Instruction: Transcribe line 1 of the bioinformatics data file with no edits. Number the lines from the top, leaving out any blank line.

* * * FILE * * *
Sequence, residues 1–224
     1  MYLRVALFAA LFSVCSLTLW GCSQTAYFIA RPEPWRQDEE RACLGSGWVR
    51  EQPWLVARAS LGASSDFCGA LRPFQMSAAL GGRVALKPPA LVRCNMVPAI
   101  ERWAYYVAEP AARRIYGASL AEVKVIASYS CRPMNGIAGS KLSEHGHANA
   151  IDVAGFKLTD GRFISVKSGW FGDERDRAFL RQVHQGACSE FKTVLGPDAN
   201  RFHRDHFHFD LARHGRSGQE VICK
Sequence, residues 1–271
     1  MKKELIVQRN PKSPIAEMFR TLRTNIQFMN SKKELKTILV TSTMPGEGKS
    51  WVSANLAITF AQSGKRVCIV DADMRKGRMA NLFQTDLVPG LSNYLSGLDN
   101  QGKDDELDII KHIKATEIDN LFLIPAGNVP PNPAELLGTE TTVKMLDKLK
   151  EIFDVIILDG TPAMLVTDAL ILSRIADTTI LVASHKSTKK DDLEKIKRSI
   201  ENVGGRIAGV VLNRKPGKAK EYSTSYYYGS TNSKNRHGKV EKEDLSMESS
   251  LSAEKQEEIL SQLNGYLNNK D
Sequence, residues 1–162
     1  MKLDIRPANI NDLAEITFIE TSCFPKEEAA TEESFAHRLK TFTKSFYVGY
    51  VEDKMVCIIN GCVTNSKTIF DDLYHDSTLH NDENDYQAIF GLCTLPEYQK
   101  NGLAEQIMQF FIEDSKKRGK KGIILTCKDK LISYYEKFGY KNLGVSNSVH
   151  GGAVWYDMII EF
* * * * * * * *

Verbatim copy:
Sequence, residues 1–224